Shooting stars show Earth had oxygen eons before we thought
The remains of 60 micrometeorites have survived 2.7 billion years in the limestone Tumbiana Formation of Western Australia. They are the oldest space rocks discovered on Earth. The fact that the meteorites contain oxides of iron show that the upper part of the atmosphere back then must have contained oxygen.
“We were very surprised to find micrometeorites at all, let alone those with iron oxides,” says Matthew Genge of Imperial College London. “It was incredible, these tiny spherules had trapped ancient atmosphere, storing it away like little treasure chests.”
The biggest surprise was the presence of oxygen, says lead author Andrew Tomkins of Monash University in Australia. “As geologists, we are taught the Earth had no oxygen in its atmosphere before 2.3 to 2.4 billion years ago.”
Several lines of evidence back the idea that Earth’s air only contained minute amounts of oxygen before the so-called great oxidation event some 2.4 million years ago, but crucially they are all based on the composition of the lower atmosphere.
Since the meteorites contain oxygen, it must have been present in the upper atmosphere, some 75 kilometres up. And from the types of oxide minerals in the meteorites, the researchers estimate that levels back then would have rivalled those found in the atmosphere today, roughly 20 per cent.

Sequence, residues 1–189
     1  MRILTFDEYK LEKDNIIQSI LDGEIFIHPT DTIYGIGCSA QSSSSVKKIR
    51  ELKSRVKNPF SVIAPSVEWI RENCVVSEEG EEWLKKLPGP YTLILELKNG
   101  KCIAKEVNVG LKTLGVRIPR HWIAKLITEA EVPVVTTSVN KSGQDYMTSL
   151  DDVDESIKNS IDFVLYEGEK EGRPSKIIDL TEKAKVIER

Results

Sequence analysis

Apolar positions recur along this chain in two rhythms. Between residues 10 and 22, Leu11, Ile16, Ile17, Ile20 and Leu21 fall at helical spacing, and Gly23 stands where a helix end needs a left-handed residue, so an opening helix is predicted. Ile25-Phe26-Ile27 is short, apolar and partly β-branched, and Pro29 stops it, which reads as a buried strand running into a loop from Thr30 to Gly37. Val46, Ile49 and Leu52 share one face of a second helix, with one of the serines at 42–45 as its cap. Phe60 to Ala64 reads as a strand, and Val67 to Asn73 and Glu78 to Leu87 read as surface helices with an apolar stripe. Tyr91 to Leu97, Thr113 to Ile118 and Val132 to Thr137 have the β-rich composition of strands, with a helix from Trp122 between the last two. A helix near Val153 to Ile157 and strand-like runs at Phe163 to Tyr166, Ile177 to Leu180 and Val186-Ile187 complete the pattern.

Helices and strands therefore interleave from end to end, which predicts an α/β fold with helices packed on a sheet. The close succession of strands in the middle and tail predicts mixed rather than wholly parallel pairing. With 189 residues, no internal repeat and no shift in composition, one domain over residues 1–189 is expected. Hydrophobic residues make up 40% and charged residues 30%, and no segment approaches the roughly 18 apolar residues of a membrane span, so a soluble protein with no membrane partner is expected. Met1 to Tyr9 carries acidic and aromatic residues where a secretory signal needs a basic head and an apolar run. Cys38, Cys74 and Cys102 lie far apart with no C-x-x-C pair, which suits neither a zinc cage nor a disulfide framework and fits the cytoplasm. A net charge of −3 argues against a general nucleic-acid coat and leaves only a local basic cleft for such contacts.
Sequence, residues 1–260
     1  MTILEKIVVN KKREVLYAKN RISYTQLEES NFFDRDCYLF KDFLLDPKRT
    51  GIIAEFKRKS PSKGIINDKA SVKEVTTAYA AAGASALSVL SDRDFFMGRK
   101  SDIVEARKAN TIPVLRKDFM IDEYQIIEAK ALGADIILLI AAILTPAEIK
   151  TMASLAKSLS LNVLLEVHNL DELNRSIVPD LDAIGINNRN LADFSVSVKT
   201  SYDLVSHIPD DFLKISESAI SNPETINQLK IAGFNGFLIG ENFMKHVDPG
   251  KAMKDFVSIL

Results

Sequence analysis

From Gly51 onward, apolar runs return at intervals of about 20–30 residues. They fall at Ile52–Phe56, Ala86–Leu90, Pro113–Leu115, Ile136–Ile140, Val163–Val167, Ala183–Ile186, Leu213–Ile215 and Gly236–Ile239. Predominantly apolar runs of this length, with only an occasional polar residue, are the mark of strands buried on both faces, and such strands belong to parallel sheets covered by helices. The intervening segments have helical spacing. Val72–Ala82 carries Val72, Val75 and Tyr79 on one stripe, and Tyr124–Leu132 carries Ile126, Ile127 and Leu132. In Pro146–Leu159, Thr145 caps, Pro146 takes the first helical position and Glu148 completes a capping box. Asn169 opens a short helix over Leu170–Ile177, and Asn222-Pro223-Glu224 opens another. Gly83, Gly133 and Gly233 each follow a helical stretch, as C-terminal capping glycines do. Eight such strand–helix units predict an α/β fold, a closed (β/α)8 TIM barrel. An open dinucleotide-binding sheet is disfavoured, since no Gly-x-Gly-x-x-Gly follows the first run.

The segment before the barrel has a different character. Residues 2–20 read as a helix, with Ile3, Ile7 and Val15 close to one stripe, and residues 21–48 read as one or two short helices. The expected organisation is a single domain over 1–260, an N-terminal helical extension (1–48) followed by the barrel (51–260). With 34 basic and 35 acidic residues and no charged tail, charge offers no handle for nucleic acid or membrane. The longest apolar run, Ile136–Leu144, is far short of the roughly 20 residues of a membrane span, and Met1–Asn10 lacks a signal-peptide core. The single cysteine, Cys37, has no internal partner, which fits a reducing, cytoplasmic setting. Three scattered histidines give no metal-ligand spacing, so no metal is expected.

In fact, the team discovered, atmospheric chemists had predicted that the upper atmosphere on a low-oxygen early Earth would contain a lot of oxygen.
That’s because solar ultraviolet radiation would have split molecules such as water, carbon dioxide and sulphur dioxide, freeing oxygen at high altitudes. The hydrogen released from such reactions would have ended up in space, while elemental sulphur would have fallen to the ground.
Tomkins believes that a methane-rich inversion layer in the middle atmosphere would have inhibited vertical circulation, separating the vast bulk of the anoxic air below from the tenuous oxygen-rich upper atmosphere.
Tomkins hopes to find more meteorite samples from across Earth’s history, to see how the upper atmosphere may have changed, and maybe even when oxygen first appeared.
But this might be a long shot. “It is remarkable that objects as small as the micrometeorites survived intact for 2.7 billion years,” Kevin Zahnle of the NASA Ames Research Centre writes in an accompanying article in Nature.
The survival of iron oxides is particularly unusual, and it may only have happened because of unusually fortuitous circumstances. The lake into which the micrometeorites fell was highly alkaline, with its deepest layers totally anoxic. This is probably what prevented the minerals from dissolving.
“Such conditions are rarely encountered in the geological record, which means that the Pilbara micrometeorites might be a one-off discovery,” Zahnle writes. “But one can wish upon a shooting star.”